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Local Organizations Request $515,000 in Federal Aid

Nine groups presented how they could use federal funding to provide additional education, outreach and networking opportunities to low- to moderate-income residents in Montclair.

 

Federal funding is up for grabs, and qualifying organizations presented their cases for why they deserve a piece of that pie on Tuesday night.  

Nine Montclair groups are asking for $515,000 in federal grants to help benefit low- and moderate-income residents in the areas of education, outreach, networking and infrastructure.

At the Montclair Council conference on Tuesday, the organizations presented their project ideas to the council. The council will prioritize the projects, and determine how best to distribute funds. The deadline for the council is in January.  

The projects will be funded through the Community Development Block Grant program, which is run by the federal Department of Housing and Urban Development.

The exact amount of federal money the township will receive is not yet known, said Montclair's Director of Planning and Community Development Janice Talley, and she was skeptical whether Montclair would be awarded anything close to the requested $515,000. 

Talley said CDBG funding has continued to be “whittled down." Last year, the township received approximately $321,000 -- a decrease of nearly 50 percent from a few years prior. 

“We are hoping the funding is the same” as last year, said Talley, but she added there are no certainties. 

The federal funding will be made available in the fall of 2013. 

The following organizations, their funding requests and a brief synopsis of how they will use the money is below. 

Organization   

Amount   

Project Description  Montclair Township $180,000

Streetscape improvements to Glenridge Avenue (between Cloverhill Place and Grove Street). 

 

Counseling Outreach Prevention Education

$49,000 Provide additional counseling programs to low-income Montclair residents.  BlueWave Public Interest Foundation $46,950 After school tutoring and summer enrichment programs.  Neighborhood Childcare Center $60,000 Hire additional staff to care for special needs children.  Homes of Montclair Ecumenical Corporation, or HOMECorp $30,000 Funding for a financial literacy program.  Montclair Neighborhood Development Corporation $50,000 Funding for youth programs.  Interfaith Hospitality Network $30,300 Case management services for Montclair families.  Family Service League $20,000 Counseling for low-income families and rape victims.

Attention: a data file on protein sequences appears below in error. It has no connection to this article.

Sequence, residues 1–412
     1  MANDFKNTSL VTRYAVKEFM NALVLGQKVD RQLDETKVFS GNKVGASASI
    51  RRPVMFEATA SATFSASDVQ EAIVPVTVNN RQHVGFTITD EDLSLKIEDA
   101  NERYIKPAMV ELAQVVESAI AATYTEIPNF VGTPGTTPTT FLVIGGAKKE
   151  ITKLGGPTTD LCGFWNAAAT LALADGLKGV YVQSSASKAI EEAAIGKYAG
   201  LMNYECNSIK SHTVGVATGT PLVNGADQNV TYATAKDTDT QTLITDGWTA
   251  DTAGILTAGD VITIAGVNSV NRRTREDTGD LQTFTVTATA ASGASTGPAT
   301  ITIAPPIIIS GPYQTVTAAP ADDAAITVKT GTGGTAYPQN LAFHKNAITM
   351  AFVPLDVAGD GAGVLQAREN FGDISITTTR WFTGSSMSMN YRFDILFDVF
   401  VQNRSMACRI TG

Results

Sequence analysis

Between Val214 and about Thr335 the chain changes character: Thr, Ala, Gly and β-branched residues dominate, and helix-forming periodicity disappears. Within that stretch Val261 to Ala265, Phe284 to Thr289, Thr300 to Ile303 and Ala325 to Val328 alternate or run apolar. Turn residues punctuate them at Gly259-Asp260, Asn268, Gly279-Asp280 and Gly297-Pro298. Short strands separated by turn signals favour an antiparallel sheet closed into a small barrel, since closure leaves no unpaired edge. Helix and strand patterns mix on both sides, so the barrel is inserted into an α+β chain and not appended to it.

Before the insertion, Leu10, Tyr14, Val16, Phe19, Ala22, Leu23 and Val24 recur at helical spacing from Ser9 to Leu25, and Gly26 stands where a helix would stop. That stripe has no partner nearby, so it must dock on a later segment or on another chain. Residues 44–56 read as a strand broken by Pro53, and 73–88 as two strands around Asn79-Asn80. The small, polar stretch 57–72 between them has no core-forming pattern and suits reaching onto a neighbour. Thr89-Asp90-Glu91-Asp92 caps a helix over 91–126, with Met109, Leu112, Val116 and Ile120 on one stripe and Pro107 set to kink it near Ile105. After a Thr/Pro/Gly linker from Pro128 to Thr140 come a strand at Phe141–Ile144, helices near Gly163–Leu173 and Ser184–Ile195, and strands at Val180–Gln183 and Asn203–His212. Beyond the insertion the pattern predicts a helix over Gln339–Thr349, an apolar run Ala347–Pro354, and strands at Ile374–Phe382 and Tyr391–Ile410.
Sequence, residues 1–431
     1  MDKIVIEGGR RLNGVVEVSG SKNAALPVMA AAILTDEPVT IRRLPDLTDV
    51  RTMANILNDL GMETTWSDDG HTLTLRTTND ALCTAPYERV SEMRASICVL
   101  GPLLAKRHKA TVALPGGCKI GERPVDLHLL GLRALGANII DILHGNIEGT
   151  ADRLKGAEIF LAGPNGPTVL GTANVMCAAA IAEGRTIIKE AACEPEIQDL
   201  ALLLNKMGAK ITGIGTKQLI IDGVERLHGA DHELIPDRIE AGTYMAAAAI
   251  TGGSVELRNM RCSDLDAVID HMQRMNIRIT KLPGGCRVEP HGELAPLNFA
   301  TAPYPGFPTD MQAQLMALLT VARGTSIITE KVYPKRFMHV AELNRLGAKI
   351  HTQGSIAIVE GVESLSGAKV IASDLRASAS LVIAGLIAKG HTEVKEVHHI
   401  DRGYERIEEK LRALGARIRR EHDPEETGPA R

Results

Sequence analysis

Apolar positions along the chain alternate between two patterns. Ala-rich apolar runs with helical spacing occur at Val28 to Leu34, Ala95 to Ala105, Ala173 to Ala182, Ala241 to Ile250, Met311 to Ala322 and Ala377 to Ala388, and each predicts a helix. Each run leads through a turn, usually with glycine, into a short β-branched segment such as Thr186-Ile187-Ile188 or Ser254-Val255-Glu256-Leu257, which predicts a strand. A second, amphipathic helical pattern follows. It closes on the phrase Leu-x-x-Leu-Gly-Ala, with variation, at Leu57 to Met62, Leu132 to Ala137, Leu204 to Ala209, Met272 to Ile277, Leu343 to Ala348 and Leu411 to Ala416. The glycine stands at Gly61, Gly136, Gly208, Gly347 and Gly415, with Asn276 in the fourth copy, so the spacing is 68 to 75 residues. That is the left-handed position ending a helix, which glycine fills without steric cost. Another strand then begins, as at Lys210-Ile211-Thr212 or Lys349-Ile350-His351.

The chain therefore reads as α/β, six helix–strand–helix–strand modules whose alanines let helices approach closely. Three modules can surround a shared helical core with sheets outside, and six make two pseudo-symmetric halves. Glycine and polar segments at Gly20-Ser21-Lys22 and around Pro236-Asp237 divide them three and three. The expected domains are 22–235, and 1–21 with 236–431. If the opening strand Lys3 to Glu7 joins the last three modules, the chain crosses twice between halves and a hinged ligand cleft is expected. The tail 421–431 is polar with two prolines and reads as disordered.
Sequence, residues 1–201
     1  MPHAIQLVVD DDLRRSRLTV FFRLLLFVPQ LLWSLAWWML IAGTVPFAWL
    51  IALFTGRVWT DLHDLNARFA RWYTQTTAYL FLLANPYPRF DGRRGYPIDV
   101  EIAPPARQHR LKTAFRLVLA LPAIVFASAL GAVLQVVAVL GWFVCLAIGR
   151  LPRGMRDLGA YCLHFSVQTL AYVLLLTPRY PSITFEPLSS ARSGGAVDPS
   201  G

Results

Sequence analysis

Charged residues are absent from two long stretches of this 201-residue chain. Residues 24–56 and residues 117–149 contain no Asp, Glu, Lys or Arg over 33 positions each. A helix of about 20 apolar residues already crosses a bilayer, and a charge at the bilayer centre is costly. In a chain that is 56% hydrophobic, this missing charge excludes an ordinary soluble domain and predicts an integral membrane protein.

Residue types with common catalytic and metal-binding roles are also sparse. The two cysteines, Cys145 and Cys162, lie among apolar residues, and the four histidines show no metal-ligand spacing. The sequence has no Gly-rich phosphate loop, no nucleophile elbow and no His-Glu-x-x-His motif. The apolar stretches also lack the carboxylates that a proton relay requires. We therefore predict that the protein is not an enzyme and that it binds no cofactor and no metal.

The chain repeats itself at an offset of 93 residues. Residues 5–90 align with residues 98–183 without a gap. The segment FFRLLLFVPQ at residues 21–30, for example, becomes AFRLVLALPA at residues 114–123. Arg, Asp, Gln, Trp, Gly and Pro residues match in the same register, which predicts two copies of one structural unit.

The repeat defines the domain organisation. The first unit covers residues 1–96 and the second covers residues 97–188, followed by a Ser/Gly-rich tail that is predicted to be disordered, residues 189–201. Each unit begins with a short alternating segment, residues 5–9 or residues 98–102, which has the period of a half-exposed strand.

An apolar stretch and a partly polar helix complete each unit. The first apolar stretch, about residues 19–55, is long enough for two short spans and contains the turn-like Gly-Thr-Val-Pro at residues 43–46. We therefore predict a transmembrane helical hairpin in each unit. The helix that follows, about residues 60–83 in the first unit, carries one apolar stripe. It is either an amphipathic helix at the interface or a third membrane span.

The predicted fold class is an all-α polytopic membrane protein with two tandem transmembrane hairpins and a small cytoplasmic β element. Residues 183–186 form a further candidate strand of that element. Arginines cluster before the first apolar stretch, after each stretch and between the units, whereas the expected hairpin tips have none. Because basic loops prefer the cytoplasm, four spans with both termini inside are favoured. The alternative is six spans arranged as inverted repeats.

United Way

$50,000 Funding for its Family Success Center. Total $515,000
JohnCarlo December 06, 2012 at 03:46 PM
Free money? Or has the fed govt taken money from its hard working citizens and redistributed (or spread it around a little) to those that choose not to work? what say you Montclair libs?
Townie December 07, 2012 at 08:16 PM
The CDBG program was started by President Ford and has been supported by every President since. The idea is to devolve what had been less-than-sucessful federal community development programs back to the state and local governments. Those who believe in state's rights are big supporters of this approach. Looking at the above list, I'm not finding anything that (as JohnCarlo writes) puts money in the hands of those who choose not to work. I see money for streetscape improvements and for paying teacher and social worker salaries, but these are people willing to work. We have to live with the reality that not everyone can work. It would be terrific if everyone could, but there are people who cannot. The "thousand points of light" we rely on are the non-profits that get local support, supplemented further when local officials determine them worthy of CDBG dollars. The COPE Center, for example, got $49K and they deal with dysfunctional, messed-up people, plain and simple. Thank goodness for them, for their work and for the work of all those listed.
scarletxknight December 08, 2012 at 04:14 AM
johncarlo, what an obnoxious comment. do you know anything about each of those organizations? what a horrible assumption from someone who clearly knows nothing about those places. i've interned at one and volunteered at three and they service "hard working" individuals and families.
Jay Bell December 08, 2012 at 10:45 PM
And why shouldn't they ask for assistance? The banks have received TRILLIONS of dollars in low-interest (almost 0%) loans, and the working and middle class will be "footing the bill" for it, so why not get money for the working and middle class? www.firebrandcentral.com
emiliac December 09, 2012 at 11:14 AM
Hey JC, where have you been since George W left the country in a near depression? I hope you weren't hidden away in some none government funded facility. There are just not enough jobs for all who want to work. Hey, you probably think that FEMA funds should be denied to home owners whose homes sustained damage during Sandy. Ho, Ho, Ho Scrouge.

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